It’s the end of the school year, and even for preschoolers, that means special events, performances, and more parental involvement. Recently, I found myself at my son’s school, helping to prepare for a special reading-focused day of fun, games, and—of course—books. I was teamed with a few other moms who’d agreed to come in and help prepare for reading day. One other woman’s boy was almost the same age as Marcus, and we two found ourselves paired up, cutting hundreds of strips of crepe paper to the same length. (Doorway and window streamers, of course.)
There we labored over a stubby preschool-height table, trimming strip after strip after strip, and searching for something to chat about. We ended up talking about next year. Both our boys will return to this school for another year of preschool, Lord willing and the creek don’t rise. And after that? This kind lady informed me that she and her husband had already pretty much decided that their child would go into a pre-kindergarten class instead of progressing to kindergarten.
Why? I asked. Well, she explained, they’d done that with their daughter, and she was in kindergarten now and was doing very well. People had thought they were crazy, the teachers had not recommended holding the girl back, she was well within the age limits required for kindergarten admission, they probably could have sent her, but kids learn so much so soon these days… They wanted their kids to have the advantage. “But it’s not for sports or anything like that!” she smiled. I commented that I would wait until Marcus was closer to the mark before we made that call, and internally, I was shaking my head vigorously and deciding without hesitation that we would not take such a step unless strongly encouraged to do so by my son’s teachers—and maybe not even then.
What are we doing to our kids? I think of children a century ago, how it wasn’t unusual for many kids to stop attending school after 8th grade if not sooner. I believe it was common for many of the boys to be immediately apprenticed with their future employer. Probably plenty of them were being “men” by fairly young ages. I’d venture to guess that more than a few were breadwinners, husbands, and fathers well before age 20, willingly and by choice. And the girls? I’d guess that their paths were similarly responsible if single—working in homes, businesses, schools, factories—and if married, they were likely rearing their own families.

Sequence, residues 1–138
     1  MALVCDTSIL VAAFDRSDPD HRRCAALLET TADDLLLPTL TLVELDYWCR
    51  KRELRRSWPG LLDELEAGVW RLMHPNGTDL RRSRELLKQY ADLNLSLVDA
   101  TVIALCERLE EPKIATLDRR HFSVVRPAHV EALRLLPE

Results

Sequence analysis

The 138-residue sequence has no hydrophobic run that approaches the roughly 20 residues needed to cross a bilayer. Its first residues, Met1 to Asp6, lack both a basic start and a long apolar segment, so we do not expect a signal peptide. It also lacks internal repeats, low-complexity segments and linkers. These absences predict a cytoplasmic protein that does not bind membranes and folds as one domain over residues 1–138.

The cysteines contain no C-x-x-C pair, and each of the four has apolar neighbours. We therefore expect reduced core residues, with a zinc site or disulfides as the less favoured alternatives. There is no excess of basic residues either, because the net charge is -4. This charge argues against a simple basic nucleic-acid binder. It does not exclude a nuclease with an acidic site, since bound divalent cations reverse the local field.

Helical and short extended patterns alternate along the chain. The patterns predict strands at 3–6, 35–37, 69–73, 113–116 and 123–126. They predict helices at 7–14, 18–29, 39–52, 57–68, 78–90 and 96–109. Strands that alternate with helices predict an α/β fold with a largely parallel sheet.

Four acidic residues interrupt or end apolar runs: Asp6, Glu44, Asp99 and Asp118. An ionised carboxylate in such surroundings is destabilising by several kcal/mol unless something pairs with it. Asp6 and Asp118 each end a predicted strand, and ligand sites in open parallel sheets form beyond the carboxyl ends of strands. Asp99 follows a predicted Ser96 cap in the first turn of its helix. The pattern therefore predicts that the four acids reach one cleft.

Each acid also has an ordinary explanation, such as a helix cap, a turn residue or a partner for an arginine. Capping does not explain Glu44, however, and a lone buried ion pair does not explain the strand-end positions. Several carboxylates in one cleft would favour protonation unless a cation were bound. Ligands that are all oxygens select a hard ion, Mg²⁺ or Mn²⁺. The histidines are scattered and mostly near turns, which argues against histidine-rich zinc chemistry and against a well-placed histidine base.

Nowadays, we delay the maturation of our children, supposedly for their benefit. Retaining a child in school back may be a wise move for some parents, when most people who know the child agree that this is for the best. But what about holding a kid back just because he doesn’t like to sit still? What about holding him back to ensure he’s not the smallest or youngest kid in his class? And what of those parents who do hold back children for sport-competition reasons? We know they’re out there. The end result is a lot of older, bigger kids in schools, advancing ages in graduates (high school and college), and increasingly late starts in real life.
When is a kid no longer a kid? Several years of trade school, college, maybe grad school, travel and volunteer opportunities, etc. allow a kid to remain fundamentally a kid for far too many years. When the president (in name, at least) starts suggesting work opportunities for young adults—and I believe he labeled young adults as up to age 24—that makes me feel a bit edgy. 24 is a young adult? I thought young adults were pre-teens and young teenagers. That’s what the literary market calls them, and the movie industry…
I realize that people live longer now. I am fully aware that the job market is quite different from what it was in the industrial age. I know that some fields of study require many years of education. All of that is inarguable, and none of it is inherently bad. But. Does that mean we should choose to restrain our children so they are better fit to handle the coming responsibilities? It seems to me that our reduced expectations are being met—as they always are. Lower the bar and watch the standards fall. Raise the age of adulthood, and watch the kids cling to childhood. The fact that most middle- and upper-class children in America are getting everything they want, too soon and with very little effort, isn’t helping encourage adulthood, either.
So, that’s what I’ve been pondering since I talked to that other mom. I was the 3rd youngest kid in my class, as far as I know. Did that ruin my life? Cause me to fall behind? Make me feel inferior? No. I had a crappy year of kindergarten, and that was pretty much it. We all dealt with the challenges of each grade level, and for the most part we met them. As far as the kids who didn’t meet them, guess what: they likely wouldn’t have met them even if they’d been delayed for a year, or two for that matter. The problem wasn’t their ability, nor their maturity—it rarely is. And yes, I speak from experience: 6 years spent teaching helped clarify the real reasons that kids fail a grade.
Maybe I’m being unreasonable. Yet—since most teens spend half of their exhalant breath declaring how grown-up they are, and the vast majority of them engage in adult activities, perhaps we should stop encouraging them to remain children. And we can begin by allowing our little ones to move toward the coming educational challenges on schedule. Yes, there are exceptions; there have always been, and that is as it should be. But exceptions are called such because they are exceptions from the rule. Let’s keep it that way.